Back-end 20 includes a front-end interface 28 for communicating search information to and from front-end 18. A Smart Search engine 30 is provided that comprises functions, policies, and retrieval capability for identifying, locating and retrieving elements across a network of servers, as will be appreciated by those skilled in the art. Also provided are a DB (database) retrieval/searching component 32 for requesting DB information, a DB engine 34 for performing all physical DB retrieval and update functions, a DB administration component 36 for performing DB administration functions requested by administrator 38, a web crawler 40 which scans the internet 16 searching for information to store and index in Information Database 42, and a DB build/update component 44 that receives information from web crawler 40 and, in turn, uses DB engine 34 to build and update database 42. Other components, optionally used by Smart Search engine 30, are Lexical Dictionary 46, Expert Knowledge Database 48, Personality Profile Catalogue 50 and source profile catalogue 52. A data mining engine 54 is provided for building and maintaining information stores in relevant databases. A learning engine 56 is provided for building and maintaining the Expert Knowledge Database 48, the Personality Profile Catalogue 50 and a Display Techniques Database 58. Provisioning applications 60 are provided for provisioning users and relevant databases. A Community of Interest (COI) database 62 is provided for matching and assignment to user 12. More detailed functionality of Smart Search system 10 is provided in the following description.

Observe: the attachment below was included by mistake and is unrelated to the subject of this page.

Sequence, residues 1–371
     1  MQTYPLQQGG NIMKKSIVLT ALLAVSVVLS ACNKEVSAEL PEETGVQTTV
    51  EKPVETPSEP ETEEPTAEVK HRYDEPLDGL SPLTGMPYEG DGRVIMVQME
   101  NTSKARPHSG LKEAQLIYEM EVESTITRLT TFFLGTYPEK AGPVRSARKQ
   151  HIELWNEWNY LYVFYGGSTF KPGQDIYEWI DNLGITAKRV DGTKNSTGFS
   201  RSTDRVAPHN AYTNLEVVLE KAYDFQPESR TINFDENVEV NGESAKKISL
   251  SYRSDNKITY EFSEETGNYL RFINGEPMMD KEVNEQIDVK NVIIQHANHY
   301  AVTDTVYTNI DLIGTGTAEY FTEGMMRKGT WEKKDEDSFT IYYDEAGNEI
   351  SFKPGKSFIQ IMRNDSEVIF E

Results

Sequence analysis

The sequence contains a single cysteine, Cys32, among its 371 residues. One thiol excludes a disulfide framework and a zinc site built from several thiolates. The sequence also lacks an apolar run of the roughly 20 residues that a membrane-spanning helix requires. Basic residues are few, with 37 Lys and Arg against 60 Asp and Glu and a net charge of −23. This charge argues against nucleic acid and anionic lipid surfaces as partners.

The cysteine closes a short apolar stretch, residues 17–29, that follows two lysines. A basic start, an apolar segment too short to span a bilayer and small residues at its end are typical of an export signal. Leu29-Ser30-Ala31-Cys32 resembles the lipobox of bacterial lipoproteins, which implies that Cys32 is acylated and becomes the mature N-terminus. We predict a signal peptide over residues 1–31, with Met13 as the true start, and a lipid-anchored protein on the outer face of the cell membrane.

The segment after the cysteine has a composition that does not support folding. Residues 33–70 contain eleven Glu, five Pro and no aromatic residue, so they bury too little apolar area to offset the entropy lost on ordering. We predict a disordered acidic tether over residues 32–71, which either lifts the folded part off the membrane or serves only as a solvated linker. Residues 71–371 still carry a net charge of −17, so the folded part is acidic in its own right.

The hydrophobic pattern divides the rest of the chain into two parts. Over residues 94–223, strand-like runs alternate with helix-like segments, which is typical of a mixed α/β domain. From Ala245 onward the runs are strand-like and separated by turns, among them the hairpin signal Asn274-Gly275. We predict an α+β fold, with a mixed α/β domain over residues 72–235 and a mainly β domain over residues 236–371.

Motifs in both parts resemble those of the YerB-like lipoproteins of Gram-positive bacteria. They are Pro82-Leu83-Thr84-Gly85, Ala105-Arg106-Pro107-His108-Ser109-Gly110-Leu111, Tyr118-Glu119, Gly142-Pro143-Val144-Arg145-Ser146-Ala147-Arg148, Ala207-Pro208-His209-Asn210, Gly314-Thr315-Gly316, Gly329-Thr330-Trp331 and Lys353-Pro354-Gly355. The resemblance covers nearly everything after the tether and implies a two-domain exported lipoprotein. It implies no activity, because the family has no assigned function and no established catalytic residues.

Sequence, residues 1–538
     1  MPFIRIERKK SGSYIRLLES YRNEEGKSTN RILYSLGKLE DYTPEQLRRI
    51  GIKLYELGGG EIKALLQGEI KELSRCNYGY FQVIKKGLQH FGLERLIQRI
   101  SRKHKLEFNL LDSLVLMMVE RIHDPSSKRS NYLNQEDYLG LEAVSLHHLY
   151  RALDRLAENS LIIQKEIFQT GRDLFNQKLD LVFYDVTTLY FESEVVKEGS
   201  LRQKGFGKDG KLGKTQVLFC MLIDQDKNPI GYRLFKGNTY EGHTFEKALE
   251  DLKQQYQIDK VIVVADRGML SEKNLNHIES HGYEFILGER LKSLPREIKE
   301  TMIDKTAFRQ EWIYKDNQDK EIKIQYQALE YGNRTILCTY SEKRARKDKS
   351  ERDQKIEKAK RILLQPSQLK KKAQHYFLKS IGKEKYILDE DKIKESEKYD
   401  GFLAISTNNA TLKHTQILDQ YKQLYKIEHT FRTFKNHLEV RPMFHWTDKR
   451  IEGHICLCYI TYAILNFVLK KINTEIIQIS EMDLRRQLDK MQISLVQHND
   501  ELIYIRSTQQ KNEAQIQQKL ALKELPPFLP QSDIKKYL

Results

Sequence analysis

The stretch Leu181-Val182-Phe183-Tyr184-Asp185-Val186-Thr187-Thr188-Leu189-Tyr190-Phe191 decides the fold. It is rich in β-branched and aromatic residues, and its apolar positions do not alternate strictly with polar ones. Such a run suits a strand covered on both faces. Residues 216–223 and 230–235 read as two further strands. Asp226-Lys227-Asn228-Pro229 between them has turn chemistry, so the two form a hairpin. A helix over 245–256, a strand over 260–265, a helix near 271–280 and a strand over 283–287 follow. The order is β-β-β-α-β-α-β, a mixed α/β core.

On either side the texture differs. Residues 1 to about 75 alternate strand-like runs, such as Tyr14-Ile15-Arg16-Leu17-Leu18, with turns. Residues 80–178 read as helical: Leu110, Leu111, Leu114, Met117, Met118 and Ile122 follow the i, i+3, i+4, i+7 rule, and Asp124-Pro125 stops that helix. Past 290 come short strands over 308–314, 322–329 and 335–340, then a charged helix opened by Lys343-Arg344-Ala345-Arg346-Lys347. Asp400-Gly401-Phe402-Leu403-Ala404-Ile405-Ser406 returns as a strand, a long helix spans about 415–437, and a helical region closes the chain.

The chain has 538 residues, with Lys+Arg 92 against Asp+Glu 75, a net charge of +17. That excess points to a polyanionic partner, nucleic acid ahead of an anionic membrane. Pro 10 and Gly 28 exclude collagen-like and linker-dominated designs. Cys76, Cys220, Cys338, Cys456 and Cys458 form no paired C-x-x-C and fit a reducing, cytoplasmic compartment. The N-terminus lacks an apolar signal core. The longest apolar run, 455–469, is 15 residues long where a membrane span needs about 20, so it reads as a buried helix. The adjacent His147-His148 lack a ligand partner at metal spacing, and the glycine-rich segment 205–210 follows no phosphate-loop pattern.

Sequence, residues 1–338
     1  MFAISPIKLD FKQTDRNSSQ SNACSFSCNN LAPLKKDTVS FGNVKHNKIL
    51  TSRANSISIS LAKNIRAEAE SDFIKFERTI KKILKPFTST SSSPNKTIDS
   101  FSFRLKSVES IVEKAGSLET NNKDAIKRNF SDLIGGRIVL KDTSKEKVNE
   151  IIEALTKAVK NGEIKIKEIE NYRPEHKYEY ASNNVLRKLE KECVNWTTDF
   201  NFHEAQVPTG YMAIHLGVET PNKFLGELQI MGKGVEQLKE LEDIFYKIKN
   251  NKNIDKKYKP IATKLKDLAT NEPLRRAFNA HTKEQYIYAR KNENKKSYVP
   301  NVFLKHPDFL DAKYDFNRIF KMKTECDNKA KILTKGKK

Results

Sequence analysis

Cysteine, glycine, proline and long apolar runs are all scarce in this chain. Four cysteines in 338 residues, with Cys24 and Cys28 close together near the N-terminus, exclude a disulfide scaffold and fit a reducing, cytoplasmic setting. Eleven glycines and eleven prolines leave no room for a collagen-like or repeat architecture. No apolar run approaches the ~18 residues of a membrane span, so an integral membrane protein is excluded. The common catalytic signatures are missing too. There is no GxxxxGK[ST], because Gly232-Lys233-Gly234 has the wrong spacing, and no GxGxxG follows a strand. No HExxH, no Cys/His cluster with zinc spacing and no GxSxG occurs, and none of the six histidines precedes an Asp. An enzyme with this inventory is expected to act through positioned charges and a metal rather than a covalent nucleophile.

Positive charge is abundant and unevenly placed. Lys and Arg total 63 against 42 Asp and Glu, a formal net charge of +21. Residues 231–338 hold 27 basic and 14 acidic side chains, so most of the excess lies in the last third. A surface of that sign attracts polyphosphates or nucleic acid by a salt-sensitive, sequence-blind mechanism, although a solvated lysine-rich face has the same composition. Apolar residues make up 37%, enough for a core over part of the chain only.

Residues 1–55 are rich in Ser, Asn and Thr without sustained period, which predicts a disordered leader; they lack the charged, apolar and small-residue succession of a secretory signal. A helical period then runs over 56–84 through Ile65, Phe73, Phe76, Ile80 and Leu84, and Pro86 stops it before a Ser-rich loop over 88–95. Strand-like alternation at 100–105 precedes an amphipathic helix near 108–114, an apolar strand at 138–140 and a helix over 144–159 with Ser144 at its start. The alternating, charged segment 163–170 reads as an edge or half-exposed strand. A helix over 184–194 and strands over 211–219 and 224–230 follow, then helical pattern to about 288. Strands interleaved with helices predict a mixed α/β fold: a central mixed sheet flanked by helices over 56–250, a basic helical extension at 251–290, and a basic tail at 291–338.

Page-by-Page GUI Sequence Interface
The page-by-page GUI sequence interface 24 performs a number of functions and provides tools and guides to assist in information searches. It comprises a profile data collection function, a search query formulation function, a spell check function, definition disambiguation function, data display function, “tell me about the data” function, a prioritize features subfunction—by user selection and a prioritize features subfunctionby COI. It further comprises tools to help formulate a query, maps, charts, dictionaries, cross references, pushpins, calculators, and similar tools. It still further comprises a guide to reference materials (what's out there for whom), and a guide to experts (who's out there to ask). The system will learn about groups and individuals and, therefore, will be a reference resource itself.
Referring to FIG. 2, with continuing reference to FIG. 1, a spell check function 100 is illustrated. It is to be understood that the spell check feature may be implemented in all cases or only in selected cases. Such selected cases may include the situation where no results are presented to the user after the search.